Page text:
President Reagan departed for Europe last night in search of a remedy for what his senior aides say has been one of the most disastrous political and symbolic episodes of his presidency, his planned visit to the German military cemetery at Bitburg.
Officials in West Germany and the United States say the Bitburg controversy was caused by mistakes in both governments. They said that numerous officials in Bonn and Washington share responsibility for a series of blunders that threaten to overshadow Reagan's original purpose in celebrating the 40th anniversary of the end of World War II in Europe.
The officials said the controversy had its origins in three separate, but parallel, decisions.
The first was Reagan's decision not to visit the Nazi death camp museum at Dachau.
The second was the German-American decision that Reagan and Chancellor Helmut Kohl lay a wreath at the Kolmeshoehe Cemetery, not far from the Bitburg U.S. Air Force Base, on Sunday.
The third decision, made in Washington in response to public outcry over the scheduled Bitburg visit, was to add the Nazi death camp site at Bergen-Belsen to Reagan's itinerary.
These decisions followed a Nov. 30 meeting at the White House when, according to White House officials, Kohl made an emotional plea to Reagan asking that the president join him in a reconciliation ceremony like one Kohl had held with French President Francois Mitterrand the year before at Verdun, site of a major World War I battle.
Kohl asked Reagan to visit a German military cemetery but did not specify which one.
"Reagan, an emotional man, acted very much in character: He immediately consented and ordered aide Michael K. Deaver to accommodate Kohl's wishes," former White House communications director David R. Gergen wrote recently.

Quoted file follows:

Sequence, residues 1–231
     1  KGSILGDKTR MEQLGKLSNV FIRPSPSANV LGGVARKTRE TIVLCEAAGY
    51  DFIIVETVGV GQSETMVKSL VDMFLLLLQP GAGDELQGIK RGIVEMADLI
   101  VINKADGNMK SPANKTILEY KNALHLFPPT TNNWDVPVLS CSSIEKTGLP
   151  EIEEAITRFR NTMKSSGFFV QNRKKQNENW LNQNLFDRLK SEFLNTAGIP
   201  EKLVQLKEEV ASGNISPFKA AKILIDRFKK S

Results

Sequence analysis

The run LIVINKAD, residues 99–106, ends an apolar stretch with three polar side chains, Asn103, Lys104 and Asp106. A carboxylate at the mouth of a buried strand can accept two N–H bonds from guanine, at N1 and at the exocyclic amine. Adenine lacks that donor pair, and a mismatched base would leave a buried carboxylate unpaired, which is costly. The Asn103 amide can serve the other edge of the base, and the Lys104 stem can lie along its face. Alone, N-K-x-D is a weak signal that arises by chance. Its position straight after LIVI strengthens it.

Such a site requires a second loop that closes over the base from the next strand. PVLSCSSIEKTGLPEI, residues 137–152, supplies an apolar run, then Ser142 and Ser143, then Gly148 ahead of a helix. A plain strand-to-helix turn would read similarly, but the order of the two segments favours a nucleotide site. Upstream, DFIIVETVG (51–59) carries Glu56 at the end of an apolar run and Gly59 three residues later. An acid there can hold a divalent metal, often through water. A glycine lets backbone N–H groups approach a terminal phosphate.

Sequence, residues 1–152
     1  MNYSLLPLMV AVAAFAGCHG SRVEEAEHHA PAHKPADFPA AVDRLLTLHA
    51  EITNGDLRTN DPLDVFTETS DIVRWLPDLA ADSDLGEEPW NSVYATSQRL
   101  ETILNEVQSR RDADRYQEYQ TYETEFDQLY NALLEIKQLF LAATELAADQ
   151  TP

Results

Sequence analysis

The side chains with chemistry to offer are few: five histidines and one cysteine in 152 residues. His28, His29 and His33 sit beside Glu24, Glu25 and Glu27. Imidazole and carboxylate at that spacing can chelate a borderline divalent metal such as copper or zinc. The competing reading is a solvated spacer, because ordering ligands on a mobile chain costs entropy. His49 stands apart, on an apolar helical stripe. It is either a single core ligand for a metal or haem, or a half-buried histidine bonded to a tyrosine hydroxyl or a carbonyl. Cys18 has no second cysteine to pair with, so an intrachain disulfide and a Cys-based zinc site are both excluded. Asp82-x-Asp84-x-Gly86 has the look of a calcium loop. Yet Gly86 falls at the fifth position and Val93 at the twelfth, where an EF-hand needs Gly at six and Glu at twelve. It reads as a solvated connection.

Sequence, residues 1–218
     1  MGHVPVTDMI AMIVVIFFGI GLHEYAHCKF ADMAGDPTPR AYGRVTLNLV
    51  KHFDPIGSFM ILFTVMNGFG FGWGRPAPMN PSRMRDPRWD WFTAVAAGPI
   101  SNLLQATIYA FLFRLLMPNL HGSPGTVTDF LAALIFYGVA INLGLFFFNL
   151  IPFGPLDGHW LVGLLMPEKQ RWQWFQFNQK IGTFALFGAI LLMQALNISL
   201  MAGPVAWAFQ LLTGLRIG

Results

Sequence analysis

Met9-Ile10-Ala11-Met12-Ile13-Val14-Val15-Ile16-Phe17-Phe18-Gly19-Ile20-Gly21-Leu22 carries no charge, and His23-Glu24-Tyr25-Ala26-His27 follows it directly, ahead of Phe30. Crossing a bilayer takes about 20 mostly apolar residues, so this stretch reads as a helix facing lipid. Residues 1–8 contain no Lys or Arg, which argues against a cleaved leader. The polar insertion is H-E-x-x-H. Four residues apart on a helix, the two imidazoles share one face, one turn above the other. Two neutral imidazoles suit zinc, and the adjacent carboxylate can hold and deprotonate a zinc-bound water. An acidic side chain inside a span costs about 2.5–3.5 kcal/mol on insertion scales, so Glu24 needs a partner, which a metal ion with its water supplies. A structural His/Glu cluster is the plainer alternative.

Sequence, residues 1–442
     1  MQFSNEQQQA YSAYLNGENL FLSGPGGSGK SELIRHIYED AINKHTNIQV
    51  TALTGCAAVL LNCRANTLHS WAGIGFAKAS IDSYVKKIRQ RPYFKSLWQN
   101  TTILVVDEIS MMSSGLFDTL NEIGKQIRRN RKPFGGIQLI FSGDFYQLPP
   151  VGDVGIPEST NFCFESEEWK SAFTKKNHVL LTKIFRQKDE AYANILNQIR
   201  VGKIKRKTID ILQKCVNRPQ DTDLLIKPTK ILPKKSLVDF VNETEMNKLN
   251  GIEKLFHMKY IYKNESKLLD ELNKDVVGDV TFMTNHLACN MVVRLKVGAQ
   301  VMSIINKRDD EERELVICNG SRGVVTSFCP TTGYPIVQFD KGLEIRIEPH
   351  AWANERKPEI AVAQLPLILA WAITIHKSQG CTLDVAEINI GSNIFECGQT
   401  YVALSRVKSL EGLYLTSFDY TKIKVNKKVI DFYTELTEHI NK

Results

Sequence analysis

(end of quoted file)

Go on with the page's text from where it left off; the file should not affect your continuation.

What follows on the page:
In the early planning for Reagan's visit, both governments apparently considered a visit to the Dachau death camp site near Munich. A West German official said his government fully expected that an American president would want to make such an appearance to honor victims of the Holocaust.
On Jan. 20, the West German news magazine Der Spiegel reported that Reagan might visit Dachau; a Bonn government spokesman confirmed that it was under consideration.
This report came at a critical time at the White House. Chief of staff Donald T. Regan was about to take over from James A. Baker III. Deaver had announced his plans to resign in May after the president's European tour.
In a meeting with senior aides, including Deaver, the president expressed the view -- later amplified in a news conference -- that the trip should look forward, not back in time. Reagan said that he didn't want to visit Dachau, and that he had the impression the West Germans didn't want him to either.
Deaver was described by one associate as "surprised" by Reagan's reaction; he went back to draw up a new itinerary. There have been reports that Nancy Reagan also objected to a concentration camp visit.
A West German official said a concentration camp site, where Reagan could pay tribute to victims of the Holocaust, was part of Bonn's original proposed itinerary. It was assumed that this would be the main event of a day that also would include an appearance before German and American military personnel and at a military cemetery.
But the same official said there also were possible domestic political problems connected with the Dachau visit, in part because far-left, anti-American activists belonged to the Dachau Memorial Commission, and the Germans feared anti-American protests at Dachau.
In mid-February, after the White House had revised Reagan's itinerary, spokesman Larry Speakes announced that Reagan would not spend V-E Day, May 8, in West Germany, but rather would deliver a speech that day to the European Parliament in Strasbourg, France. Officials cited Reagan's desire not to "rekindle" past hatreds.
Shortly thereafter, Deaver left for the first advance trip to Germany. At this point, the Dachau trip apparently had been scrubbed for Sunday, but both governments had agreed on a visit to the Bitburg air base, a future site for cruise missile deployment, and the nearby military cemetery. The cemetery was choosen by "technicians," one official said, because of its proximity to a U.S. air base and for security reasons.